Joint Models of Disagreement and Stance in Online Debate


Online debate forums present a valuable opportunity for the understanding and modeling of dialogue. To understand these debates, a key challenge is inferring the stances of the participants, all of which are interrelated and dependent. While collectively modeling users’ stances has been shown to be effective (Walker et al., 2012c; Hasan and Ng, 2013), there are many modeling decisions whose ramifications are not well understood. To investigate these choices and their effects, we introduce a scalable unified probabilistic modeling framework for stance classification models that 1) are collective, 2) reason about disagreement, and 3) can model stance at either the author level or at the post level. We comprehensively evaluate the possible modeling choices on eight topics across two online debate corpora, finding accuracy improvements of up to 11.5 percentage points over a local classifier. Our results highlight the importance of making the correct modeling choices for online dialogues, and having a unified probabilistic modeling framework that makes this possible.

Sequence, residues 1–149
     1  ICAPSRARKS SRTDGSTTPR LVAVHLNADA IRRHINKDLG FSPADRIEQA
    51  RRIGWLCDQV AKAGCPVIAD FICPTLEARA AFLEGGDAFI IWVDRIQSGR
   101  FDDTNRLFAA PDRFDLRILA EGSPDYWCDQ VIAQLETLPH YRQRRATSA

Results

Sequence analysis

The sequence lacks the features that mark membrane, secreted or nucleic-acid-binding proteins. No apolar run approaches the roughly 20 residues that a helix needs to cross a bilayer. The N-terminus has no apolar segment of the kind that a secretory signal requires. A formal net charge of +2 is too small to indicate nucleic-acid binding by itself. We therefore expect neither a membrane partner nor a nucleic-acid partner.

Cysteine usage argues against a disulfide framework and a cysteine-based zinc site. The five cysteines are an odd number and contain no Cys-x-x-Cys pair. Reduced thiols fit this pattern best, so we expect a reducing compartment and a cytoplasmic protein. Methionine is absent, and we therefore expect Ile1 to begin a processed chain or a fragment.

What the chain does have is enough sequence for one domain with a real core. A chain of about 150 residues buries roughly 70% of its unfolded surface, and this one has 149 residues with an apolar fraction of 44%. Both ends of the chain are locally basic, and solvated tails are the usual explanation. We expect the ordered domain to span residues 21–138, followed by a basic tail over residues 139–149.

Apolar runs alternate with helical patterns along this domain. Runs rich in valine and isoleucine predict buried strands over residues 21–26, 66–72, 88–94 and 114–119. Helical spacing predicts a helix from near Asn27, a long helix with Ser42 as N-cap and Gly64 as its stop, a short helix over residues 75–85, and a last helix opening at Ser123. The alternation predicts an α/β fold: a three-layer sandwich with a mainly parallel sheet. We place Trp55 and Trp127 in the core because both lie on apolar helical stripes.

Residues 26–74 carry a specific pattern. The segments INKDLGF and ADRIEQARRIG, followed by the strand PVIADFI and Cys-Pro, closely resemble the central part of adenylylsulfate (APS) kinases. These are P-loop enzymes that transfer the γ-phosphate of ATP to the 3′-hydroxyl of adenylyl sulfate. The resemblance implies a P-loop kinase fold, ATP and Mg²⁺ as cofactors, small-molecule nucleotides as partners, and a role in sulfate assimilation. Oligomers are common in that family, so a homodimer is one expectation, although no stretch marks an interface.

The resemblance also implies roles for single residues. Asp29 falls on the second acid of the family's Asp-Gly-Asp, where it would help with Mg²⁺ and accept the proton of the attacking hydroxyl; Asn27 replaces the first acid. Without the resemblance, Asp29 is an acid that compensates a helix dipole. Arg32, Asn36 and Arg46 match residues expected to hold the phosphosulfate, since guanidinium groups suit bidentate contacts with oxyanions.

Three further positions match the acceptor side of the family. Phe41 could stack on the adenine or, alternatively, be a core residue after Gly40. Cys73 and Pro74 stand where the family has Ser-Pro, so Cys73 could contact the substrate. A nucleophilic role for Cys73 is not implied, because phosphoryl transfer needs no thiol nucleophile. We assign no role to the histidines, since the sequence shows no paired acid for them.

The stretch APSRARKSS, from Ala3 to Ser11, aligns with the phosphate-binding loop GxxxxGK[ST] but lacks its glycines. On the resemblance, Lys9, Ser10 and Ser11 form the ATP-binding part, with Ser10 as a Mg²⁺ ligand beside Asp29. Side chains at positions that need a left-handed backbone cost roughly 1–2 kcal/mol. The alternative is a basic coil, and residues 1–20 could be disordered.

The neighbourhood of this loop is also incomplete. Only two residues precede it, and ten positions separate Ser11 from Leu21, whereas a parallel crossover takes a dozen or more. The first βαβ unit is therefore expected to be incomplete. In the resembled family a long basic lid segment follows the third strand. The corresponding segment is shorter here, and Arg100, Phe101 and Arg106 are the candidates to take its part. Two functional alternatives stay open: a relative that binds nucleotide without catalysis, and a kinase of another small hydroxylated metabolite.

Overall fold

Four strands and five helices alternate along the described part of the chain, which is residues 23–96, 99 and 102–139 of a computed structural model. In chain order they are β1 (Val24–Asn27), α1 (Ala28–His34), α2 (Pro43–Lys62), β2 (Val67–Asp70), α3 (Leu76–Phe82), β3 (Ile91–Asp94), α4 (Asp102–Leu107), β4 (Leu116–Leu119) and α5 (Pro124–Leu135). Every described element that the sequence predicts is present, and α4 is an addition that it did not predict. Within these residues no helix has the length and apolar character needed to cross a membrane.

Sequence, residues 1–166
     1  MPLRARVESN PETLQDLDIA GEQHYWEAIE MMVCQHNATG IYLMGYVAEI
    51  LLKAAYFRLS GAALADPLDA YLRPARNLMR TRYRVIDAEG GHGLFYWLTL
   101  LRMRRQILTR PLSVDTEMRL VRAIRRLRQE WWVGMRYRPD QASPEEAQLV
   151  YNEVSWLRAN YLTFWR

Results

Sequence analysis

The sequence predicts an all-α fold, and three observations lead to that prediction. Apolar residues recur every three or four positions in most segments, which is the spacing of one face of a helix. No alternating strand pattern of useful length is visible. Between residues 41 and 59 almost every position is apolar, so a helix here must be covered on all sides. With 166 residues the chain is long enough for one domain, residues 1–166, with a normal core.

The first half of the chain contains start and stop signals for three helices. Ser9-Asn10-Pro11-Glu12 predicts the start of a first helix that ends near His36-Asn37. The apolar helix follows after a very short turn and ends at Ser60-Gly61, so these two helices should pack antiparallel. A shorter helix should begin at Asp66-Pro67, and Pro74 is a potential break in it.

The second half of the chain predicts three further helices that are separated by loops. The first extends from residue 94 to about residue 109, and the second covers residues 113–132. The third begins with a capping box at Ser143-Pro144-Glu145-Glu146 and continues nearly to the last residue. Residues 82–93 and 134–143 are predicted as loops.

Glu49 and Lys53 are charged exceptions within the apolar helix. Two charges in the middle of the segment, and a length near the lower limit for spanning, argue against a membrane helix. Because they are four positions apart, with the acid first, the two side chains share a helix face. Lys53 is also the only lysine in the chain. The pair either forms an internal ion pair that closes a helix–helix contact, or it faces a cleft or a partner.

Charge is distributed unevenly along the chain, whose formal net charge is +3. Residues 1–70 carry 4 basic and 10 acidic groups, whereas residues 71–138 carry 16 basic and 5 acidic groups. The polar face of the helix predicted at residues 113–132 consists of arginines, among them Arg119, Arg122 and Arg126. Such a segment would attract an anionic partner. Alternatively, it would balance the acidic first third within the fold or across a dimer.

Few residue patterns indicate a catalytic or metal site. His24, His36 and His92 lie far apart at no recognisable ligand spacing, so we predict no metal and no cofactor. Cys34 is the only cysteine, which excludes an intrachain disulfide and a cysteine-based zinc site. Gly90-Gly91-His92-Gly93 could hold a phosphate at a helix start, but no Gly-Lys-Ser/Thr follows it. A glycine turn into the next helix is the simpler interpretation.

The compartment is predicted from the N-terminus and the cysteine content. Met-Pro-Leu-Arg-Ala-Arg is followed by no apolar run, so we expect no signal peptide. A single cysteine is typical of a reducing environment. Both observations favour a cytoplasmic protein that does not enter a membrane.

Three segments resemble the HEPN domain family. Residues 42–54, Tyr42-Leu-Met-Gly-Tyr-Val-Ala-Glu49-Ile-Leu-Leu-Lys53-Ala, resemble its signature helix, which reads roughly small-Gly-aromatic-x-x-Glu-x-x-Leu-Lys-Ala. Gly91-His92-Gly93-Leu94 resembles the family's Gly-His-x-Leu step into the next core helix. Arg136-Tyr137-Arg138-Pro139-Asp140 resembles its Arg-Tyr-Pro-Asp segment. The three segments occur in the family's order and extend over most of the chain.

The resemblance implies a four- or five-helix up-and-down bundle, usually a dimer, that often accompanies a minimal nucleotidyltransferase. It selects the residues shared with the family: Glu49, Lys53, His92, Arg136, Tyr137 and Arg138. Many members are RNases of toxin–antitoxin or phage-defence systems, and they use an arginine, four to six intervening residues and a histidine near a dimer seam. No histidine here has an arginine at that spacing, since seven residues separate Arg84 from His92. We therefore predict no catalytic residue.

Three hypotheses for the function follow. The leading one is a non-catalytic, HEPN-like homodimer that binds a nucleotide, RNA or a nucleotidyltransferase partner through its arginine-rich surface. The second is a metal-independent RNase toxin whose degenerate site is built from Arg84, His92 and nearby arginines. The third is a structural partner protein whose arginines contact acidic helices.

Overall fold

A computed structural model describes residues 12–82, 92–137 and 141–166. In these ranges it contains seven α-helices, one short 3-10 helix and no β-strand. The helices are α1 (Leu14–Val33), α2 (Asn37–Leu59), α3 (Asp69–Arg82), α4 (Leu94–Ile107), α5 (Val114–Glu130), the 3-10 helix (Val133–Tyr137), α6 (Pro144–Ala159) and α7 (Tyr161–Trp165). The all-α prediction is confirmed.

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@inproceedings{Sridhar2015JointMO, title={Joint Models of Disagreement and Stance in Online Debate}, author={Dhanya Sridhar and James R. Foulds and Bert Huang and Lise Getoor and Marilyn A. Walker}, booktitle={ACL}, year={2015} }